76: Made in (insert country name here)

Lambswool coats in Biel/Bienne's secondhand shop, made of lambs wool from Africa, but stitched together right here in our little town.

On the second floor of a nearby secondhand shop is a combination book and clothing section. It smells like all secondhand clothing shops do – reeking of the musty battle between laundry soap and human perspiration.

The first time we visited this shop, a traditional Swiss woman’s costume hung against the wall. It is gone now. I halfway wish I had bought it, but what life would it have had? It would be boxed in Canada, taken out by my kids after my demise and sent to – where else, but another secondhand shop. I spared it that indignity.

This is the walk we take to the second-hand shop in our town's charming medieval quarter.

I still like to rummage through secondhand shops. They are pocket-museums of retail, showing the gradual shift of industry from one nation to another as evidenced by the “Made in Biel/Bienne” tags on a rack of  heavy lambs-wool coats in this particular shop. Twenty years from now, the place might be filled with Made in China garments, but that is not as sure a thing as it seems in North America.

Switzerland has an industrious bent, and a more bred-in sense of loyalty to local producers. This mindset is on display in stores everywhere. If there are Spanish strawberries on the shelf, there are also Swiss. Chinese-feather-packed pillows lay next to Swiss-down pillows and you can count on the Swiss retail clerks to enthusiastically explain why only an idiot would buy Chinese when a superior Swiss brand is within reach.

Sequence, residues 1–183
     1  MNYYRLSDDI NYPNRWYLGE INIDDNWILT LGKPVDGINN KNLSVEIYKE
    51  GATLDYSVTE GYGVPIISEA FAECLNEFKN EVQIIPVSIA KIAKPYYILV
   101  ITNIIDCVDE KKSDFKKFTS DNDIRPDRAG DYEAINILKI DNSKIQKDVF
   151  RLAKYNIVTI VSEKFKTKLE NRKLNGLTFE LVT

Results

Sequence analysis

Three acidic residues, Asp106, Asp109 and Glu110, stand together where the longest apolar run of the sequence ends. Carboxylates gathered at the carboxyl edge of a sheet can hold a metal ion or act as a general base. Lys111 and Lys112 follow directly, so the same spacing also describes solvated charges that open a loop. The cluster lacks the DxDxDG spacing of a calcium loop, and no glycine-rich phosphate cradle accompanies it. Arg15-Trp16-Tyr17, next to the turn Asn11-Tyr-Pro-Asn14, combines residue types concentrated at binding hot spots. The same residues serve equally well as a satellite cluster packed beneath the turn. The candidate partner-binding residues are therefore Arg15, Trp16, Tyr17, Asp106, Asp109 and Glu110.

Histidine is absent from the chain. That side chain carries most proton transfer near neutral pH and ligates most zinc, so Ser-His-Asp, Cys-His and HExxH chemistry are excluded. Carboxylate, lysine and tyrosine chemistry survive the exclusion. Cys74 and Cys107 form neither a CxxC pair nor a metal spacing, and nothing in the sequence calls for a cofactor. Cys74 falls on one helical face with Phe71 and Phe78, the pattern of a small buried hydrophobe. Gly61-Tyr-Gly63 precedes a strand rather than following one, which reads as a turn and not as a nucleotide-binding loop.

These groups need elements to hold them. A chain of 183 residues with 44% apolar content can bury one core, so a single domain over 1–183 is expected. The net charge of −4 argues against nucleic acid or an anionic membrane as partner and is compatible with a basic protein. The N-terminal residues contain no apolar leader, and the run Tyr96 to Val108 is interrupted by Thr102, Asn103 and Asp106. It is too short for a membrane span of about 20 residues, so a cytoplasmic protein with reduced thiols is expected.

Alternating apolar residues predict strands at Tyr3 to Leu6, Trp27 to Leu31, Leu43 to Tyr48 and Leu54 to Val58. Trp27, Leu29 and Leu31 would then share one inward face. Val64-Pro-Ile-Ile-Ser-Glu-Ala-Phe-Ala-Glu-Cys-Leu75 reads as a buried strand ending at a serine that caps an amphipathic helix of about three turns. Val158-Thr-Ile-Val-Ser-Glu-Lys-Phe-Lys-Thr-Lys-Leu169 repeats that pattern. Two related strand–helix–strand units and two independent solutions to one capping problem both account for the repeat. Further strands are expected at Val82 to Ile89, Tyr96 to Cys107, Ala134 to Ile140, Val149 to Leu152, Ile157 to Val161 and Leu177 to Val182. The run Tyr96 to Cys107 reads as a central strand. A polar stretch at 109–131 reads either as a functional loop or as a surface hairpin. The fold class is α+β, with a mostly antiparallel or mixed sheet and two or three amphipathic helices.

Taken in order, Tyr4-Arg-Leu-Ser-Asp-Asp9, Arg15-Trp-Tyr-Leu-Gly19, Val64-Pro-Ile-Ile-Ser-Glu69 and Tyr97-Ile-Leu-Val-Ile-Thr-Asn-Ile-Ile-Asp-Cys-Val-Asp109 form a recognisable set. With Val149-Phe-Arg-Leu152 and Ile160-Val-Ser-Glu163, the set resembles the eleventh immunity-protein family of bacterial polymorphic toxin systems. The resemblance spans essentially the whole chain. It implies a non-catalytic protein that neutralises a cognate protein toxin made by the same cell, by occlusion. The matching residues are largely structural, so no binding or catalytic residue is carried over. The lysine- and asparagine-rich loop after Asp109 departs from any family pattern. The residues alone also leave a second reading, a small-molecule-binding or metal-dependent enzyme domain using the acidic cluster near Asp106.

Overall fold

Made right here in our town.

Granted that my cultural moorings are loosened so that my interpretations might be all off, but the Swiss don’t do this with the same politicized notes that one hears in North America. They buy Swiss because they genuinely believe no one can do or make anything better than the Swiss.

It may be hard to imagine, but there was a time that Made in Winnipeg tags were abundant. Winnipeg is the Canadian prairie town where we were born and raised, and it had a thriving industrial sector at one time. We find evidence of this occasionally. At our cottage, we decided to dispose of an old sand-filled sofa by cutting it to pieces and burning it. When we peeled back the upholstery and pried apart the frame, I was somewhat dismayed to see it had Winnipeg stamps on its solid wood boards. We were too committed to our decluttering craze to put the thing back together. I’m a little sorry about that.

 

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